Update 8:30 p.m.:
Thomas Homan, acting director of Immigration and Customs Enforcement, told the Associate Press
Sunday the group of people found in the semi Sunday were only a third of the original passengers.
"Based on initial interviews with survivors of the weekend tragedy, more than 100 people may have been packed into the back of the 18-wheeler at some point in its journey," Homan said.
The U.S. Attorney’s Office for the Western District of Texas, identified the driver
of the truck as James Mathew Bradley Jr., 60. Bradley is currently in federal custody and facing both state and federal charges.
San Antonio police found 38 people packed into a windowless, sweltering cargo trailer in a southwest side Walmart parking lot early Sunday morning. Most of the occupants were in their 20s and 30s — but some passengers were as young as 15. Eight men in the group had already died from severe heat exposure before San Antonio Police Department officers discovered the abandoned semi truck. Another passenger died in the hospital later that day.
“They were very hot to the touch,” said San Antonio Fire Department Chief Charles Hood at a 3 a.m. press briefing
. “So these people were in that trailer without any signs of any type of water, so you’re looking at a lot of heatstroke, a lot of dehydration.”
Around 20 of the passengers were taken directly to local hospitals in “extremely severe” or critical condition, Hood said.
A spokesperson from U.S. Customs and Border Protection said the group was likely made up of immigrants who crossed over the Mexico border on foot and were being transported further north by human traffickers. It's unclear how long the truck had been parked in the middle of the lot.
Walmart staff only noticed the truck after one of its passengers stopped and asked an employee for water early Sunday. After giving them water, they employee called SAPD.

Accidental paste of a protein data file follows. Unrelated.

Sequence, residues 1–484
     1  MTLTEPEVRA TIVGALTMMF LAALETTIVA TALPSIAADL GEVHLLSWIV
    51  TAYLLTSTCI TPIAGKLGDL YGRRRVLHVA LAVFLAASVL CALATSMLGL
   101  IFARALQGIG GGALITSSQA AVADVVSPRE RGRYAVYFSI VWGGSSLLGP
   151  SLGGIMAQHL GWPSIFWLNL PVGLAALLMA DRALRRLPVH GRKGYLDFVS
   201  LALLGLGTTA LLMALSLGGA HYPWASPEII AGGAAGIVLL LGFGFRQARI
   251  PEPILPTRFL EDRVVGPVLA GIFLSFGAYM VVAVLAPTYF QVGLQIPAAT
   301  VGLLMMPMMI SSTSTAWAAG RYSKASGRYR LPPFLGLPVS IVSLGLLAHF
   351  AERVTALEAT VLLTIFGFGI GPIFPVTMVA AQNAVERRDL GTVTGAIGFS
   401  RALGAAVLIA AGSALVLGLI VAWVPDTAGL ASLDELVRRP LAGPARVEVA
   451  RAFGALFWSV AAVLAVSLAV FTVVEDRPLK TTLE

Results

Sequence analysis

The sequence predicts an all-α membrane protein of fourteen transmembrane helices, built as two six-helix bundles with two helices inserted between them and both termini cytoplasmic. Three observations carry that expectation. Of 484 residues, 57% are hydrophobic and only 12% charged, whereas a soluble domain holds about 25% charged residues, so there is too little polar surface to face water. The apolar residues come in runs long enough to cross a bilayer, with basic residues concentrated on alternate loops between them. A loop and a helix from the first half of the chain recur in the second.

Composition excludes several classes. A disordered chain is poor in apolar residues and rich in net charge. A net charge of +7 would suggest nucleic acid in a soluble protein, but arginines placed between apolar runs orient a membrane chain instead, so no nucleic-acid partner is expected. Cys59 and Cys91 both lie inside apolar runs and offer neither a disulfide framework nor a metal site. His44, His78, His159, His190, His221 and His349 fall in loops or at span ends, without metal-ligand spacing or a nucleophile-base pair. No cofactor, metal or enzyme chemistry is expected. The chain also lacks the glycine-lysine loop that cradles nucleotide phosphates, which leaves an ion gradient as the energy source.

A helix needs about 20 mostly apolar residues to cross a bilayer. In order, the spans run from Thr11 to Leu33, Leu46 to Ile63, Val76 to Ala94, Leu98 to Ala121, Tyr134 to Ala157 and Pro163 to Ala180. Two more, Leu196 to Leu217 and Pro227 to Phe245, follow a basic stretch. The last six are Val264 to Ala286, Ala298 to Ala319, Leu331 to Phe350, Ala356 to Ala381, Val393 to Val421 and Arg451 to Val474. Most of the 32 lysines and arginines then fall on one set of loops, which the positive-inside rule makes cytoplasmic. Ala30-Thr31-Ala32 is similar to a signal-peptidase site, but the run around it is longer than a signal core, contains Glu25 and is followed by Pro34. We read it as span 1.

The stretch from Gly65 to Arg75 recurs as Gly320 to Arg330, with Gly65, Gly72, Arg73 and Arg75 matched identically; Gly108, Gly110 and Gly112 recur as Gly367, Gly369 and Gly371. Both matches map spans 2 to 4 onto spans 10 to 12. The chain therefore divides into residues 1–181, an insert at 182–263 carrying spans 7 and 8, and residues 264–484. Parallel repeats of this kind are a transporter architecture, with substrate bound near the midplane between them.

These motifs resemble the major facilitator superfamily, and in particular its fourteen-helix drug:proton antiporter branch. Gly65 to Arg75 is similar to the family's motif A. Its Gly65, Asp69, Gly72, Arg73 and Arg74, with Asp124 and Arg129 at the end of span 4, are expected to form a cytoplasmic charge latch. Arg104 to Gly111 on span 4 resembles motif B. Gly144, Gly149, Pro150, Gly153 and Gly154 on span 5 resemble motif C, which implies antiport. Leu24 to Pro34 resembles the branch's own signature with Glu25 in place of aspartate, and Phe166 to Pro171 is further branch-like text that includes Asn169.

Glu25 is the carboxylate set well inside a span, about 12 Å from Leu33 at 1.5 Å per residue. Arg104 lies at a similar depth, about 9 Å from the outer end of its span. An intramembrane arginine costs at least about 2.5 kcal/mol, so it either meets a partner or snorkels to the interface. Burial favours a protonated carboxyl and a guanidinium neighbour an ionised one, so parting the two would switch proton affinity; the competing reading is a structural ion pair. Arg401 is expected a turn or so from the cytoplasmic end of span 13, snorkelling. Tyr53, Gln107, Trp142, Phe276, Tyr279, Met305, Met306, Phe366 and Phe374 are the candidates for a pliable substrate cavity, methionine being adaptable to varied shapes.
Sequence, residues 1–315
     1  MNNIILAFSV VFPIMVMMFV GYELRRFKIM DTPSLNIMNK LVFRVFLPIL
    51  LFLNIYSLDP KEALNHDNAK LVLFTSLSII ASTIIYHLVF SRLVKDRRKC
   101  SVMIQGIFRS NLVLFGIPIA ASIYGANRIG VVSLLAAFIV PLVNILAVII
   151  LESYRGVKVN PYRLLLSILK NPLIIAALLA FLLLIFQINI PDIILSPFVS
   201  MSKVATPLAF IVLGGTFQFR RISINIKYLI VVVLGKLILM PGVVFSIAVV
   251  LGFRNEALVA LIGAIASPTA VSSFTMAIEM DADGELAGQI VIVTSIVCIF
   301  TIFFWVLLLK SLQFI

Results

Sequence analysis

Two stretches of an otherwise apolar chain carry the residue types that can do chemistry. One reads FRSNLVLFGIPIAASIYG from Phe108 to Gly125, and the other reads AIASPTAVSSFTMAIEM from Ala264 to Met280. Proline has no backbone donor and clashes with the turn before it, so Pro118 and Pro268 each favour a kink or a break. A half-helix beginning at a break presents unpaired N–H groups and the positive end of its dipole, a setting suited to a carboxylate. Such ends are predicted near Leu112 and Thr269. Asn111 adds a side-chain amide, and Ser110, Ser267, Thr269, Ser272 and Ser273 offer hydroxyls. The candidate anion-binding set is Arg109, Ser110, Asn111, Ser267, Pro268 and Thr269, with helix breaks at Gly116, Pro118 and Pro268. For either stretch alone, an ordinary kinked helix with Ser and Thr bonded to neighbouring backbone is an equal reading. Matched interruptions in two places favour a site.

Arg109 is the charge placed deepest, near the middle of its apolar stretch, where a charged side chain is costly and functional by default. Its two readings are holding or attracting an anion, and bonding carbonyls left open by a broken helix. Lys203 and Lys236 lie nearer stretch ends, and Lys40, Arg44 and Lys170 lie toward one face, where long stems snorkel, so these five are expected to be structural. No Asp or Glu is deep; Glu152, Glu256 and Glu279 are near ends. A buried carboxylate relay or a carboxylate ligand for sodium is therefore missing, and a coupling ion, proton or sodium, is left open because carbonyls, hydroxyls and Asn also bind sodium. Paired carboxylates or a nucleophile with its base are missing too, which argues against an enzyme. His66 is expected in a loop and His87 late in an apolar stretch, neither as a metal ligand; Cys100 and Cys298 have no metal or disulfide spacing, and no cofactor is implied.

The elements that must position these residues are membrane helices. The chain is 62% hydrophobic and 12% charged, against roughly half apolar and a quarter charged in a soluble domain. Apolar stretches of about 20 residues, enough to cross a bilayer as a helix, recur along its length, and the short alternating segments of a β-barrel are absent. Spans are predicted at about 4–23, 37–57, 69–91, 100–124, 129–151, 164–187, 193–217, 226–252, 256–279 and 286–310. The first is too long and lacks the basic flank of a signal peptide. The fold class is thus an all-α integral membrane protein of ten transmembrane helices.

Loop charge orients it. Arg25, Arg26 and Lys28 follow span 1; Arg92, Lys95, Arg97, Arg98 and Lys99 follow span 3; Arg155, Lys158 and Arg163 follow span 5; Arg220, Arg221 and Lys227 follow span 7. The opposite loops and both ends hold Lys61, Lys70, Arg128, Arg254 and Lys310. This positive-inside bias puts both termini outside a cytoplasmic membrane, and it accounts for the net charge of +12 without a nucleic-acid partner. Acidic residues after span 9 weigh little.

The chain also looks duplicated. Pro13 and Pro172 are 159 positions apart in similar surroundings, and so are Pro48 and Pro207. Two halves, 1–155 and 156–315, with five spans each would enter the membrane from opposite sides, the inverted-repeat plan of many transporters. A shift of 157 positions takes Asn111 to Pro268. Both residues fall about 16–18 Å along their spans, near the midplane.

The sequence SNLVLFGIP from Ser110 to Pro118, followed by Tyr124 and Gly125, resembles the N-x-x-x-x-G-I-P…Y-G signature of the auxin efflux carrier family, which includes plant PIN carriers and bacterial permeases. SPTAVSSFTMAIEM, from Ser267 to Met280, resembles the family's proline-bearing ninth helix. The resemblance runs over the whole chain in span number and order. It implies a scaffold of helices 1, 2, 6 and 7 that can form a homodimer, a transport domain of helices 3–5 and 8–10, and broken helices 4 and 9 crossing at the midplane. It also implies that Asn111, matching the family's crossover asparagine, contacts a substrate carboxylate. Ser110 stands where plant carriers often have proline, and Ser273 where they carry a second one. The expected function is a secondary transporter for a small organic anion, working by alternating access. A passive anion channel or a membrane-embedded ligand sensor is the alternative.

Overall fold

At the morning press briefing, SAPD Chief William McManus called the scene a "horrific tragedy" — but said it's far from unexpected.
“This is not an isolated incident; this happens quite frequently," he told reporters. "Fortunately, we came across this one. Fortunately, you know, there are people who survived.”
The driver of the semi, who has yet to be identified, has been arrested and will face criminal charges.
Discovered during a period of particularly heated debate over undocumented immigration in the U.S., many are saying the incident is an example of why current immigration policies are in need of reform.
"This morning’s events are a harsh reminder that the language of 'border security,' 'national security,' and collaboration between local police and ICE does not make us safer or more secure," wrote RAICES in a Sunday press release. The immigrant advocacy group is holding a 6 p.m. memorial service Sunday at San Fernando Cathedral for the men who died in the trailer.
“The tragic event...shines a bright light on the plight of immigrants looking for a better life and victims of human trafficking," said San Antonio Mayor Ron Nirenberg in a statement Sunday. "Our response should serve as a lesson to the world that San Antonio will not turn its back on any man, woman or child in need.”